Like every other programmer, I spend a lot of time debugging. One of the hardest lessons I've had to learn is the value of finding the root cause. Put simply, the root cause is the bug in the program. Sounds easy enough, find the bug and fix it. But unless a program is very simple, the observed bug and the true bug may not be the same. The difference here is the difference between a stuffy nose and a cold. The observed problem is that you can't breathe easily because your nose isn't clear, but the real problem is a virus in your body. You can take something to clear up your nose, but it won't make your cold go away any faster.
There's a similar principle that is taught in first year psychology: if you perform an experiment, and you see a correlation between the two variables you are testing, the first reaction is to say that one causes the other. For example, let's say that a survey indicates that people who own pets also recover faster from heart surgery. The first conclusion one might draw from this is that having something to care for is motivating these people to get better. And this might be true, but what if there is a third factor that causes these people to heal faster and also have an affinity for pets - perhaps they are just more active in general than people who do not own pets. The only way to find out is to construct another experiment to that will eliminate other possible causes.
Finding the root cause can be hard, and it's made no easier when there's pressure (like a deadline) to get it fixed. It can be very tempting to slap a bandage on the problem and just fix the symptoms. My experience, however, has been that when this is done the bug invariably comes back again and again, appearing as different symptoms until you finally find the root cause and fix the real bug.
The whole "root cause" thing seems to be pretty popular in the scientific world. I have to wonder if it could be applied to other different fields of endeavour, like oh, I don't know, the business world perhaps.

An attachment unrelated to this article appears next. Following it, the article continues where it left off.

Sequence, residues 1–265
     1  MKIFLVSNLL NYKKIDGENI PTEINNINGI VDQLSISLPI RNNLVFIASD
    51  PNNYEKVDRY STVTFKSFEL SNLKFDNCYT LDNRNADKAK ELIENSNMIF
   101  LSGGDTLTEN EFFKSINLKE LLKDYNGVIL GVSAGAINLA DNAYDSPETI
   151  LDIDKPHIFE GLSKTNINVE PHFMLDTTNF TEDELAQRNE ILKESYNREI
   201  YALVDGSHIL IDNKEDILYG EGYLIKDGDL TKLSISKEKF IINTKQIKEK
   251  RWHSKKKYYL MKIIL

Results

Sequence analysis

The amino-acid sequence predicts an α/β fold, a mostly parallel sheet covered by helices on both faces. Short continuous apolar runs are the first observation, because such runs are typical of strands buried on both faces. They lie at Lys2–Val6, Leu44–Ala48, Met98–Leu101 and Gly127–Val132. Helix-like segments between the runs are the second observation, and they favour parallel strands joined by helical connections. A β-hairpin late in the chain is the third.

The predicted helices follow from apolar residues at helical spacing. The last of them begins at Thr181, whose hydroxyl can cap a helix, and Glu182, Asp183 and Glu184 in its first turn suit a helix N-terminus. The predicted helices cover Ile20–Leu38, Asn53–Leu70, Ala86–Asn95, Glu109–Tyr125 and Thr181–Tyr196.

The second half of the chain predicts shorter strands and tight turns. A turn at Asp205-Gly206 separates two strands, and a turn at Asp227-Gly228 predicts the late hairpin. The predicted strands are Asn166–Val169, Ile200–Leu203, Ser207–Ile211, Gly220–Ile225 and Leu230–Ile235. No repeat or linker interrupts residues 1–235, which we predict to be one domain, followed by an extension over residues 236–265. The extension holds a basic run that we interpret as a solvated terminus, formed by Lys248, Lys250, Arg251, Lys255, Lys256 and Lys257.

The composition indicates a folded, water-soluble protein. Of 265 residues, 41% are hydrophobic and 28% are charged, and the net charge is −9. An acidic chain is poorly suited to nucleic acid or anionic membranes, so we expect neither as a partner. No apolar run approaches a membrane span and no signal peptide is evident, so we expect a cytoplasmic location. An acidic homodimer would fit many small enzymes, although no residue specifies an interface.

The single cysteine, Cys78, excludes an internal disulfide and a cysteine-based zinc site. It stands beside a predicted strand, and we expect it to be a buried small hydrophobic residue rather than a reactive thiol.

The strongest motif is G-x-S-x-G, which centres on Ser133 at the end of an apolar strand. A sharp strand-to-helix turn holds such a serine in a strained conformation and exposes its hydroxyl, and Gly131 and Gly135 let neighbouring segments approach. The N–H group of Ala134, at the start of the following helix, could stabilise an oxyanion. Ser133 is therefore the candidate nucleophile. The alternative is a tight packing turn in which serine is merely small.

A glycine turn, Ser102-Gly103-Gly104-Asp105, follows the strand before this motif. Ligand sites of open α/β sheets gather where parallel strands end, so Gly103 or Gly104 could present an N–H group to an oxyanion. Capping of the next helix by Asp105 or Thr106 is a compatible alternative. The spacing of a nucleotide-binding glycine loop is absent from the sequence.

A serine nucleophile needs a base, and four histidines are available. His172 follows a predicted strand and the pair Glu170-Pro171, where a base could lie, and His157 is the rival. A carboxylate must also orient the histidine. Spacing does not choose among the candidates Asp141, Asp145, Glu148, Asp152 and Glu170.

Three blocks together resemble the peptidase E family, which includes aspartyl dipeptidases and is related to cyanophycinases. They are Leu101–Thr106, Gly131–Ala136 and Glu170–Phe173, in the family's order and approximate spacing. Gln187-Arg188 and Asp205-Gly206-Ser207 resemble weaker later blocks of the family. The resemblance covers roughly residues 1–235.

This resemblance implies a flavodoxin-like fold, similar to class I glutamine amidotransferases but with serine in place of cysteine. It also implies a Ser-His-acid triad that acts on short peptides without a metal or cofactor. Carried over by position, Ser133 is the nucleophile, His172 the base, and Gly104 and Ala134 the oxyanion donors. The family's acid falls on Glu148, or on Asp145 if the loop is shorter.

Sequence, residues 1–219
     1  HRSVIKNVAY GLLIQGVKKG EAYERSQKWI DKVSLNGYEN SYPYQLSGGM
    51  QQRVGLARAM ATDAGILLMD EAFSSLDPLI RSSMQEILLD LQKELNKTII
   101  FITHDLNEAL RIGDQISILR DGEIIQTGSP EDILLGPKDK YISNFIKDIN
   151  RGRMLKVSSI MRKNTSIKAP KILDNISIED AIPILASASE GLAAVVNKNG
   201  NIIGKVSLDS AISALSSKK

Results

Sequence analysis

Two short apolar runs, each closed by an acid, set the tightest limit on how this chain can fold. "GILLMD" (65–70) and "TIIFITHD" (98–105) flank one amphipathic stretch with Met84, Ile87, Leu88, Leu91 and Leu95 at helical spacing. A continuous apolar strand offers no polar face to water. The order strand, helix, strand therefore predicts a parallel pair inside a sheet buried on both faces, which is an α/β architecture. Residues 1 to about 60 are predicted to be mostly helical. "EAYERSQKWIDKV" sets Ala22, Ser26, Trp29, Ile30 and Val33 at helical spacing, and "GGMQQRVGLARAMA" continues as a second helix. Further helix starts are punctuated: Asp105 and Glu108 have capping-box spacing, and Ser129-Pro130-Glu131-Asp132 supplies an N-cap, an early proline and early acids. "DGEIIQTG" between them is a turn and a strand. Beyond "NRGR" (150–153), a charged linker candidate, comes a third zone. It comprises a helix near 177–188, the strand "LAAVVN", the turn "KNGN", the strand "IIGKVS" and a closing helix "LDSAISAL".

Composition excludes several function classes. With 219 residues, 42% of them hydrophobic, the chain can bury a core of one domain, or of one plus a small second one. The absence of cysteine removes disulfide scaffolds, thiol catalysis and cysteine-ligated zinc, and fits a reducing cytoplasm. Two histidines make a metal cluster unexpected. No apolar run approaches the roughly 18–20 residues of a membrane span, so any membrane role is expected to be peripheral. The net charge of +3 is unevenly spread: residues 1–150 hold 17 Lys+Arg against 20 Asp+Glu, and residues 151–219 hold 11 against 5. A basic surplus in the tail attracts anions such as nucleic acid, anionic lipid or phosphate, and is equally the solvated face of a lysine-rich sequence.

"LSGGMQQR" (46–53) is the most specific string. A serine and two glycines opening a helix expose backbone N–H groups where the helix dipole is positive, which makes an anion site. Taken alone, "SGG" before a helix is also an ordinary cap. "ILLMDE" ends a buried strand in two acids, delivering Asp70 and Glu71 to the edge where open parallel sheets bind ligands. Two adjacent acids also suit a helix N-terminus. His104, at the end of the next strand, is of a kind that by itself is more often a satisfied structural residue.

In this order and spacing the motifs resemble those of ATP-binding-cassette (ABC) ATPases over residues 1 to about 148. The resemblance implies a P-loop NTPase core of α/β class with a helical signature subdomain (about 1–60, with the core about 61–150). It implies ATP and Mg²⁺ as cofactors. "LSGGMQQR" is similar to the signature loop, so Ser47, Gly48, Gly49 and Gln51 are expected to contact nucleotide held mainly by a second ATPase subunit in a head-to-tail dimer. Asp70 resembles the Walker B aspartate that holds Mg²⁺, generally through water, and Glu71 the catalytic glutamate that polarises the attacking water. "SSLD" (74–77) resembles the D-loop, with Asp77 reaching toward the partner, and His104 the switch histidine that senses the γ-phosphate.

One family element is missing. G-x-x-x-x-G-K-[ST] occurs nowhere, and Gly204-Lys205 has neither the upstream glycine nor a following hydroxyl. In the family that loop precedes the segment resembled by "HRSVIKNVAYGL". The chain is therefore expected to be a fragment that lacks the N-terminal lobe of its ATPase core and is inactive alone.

About a month ago there was a flurry of articles about how Sony's UMD movie format was failing. Wal-mart is dropping them
and studios are releasing fewer titles
on UMD because for the most part they aren't selling (comedies are apparently the exception). I've heard a number of reasons for this: UMD only plays on the PSP and holding a PSP for two hours while watching a movie makes your arms sore are just two of the more common complaints. It's obvious that the former is true, and I've watched Spider-Man 2
on my PSP, so I can confirm from personal experience that the latter can also be true. But are these really the reasons why people aren't buying UMDs? I suppose it's possible, but then how does one explain the success of "Video Now!
" and "Juicebox
"? Unless you have kids (or nieces, nephews, etc), you may not be familiar with these products. Both of them are personal video players for kids. The screens are low-res (I don't think they're even 320x240), and the quality of the video is pretty bad. But
, both of them retail for about $50, and the media is $5-10. And what can you get to watch on them? Well, they're for kids, so big surprise, it's mostly cartoons. Both have been around for a couple of years, they both use media that doesn't play on anything else, and they are apparently quite popular. So Sony wasn't really doing anything new. Mattel and Hasbro did it first, and seem to be making money at it.
Sony has outlined a two-part plan to try to revive UMD. Part 1: sell a device that allows you to hook up your PSP to your TV so you can watch your UMDs on "the big screen". Part 2: bundle the UMD and DVD for about $10 more than the DVD. IMHO, the TV adapter treats a symptom. If I want to watch a movie on my TV I'll just get the DVD so I can have surround sound, subtitles, commentary and other extras. Bundling is a good idea, but Sony's flubbed the execution. All the bundles coming out are movies that have already been released on DVD, and so anything I'm interested in I already own. Also, the "bundling" seems to be just shrinking-wrapping the DVD and UMD cases together. I was hoping for a single DVD case that held both. Will either of these things keep UMD a going concern? I suppose they might help, but I'm skeptical that they can turn it into a roaring, or even niche, success.
So if the various complaints Sony is trying to address are just the symptoms, what is the root cause? I have an idea, inspired by Hasbro and Mattel: UMD is perfectly viable if it's a good value. If the functionality is limited, the price should be as well. There's nothing wrong with discs that play only on the PSP, but they shouldn't cost as much as
(never mind more than
) a DVD. At $10 I'd be buying them, even if I already owned the DVD. As for the arm thing, well, I've seen an eight-year-old hold a Video Now! box (that weighs at least twice what the PSP weighs) for hours. If they can do it, so can I. Funny thing too - I don't think I've read a single comment about how hard it is to hold a PSP for two hours while playing a game.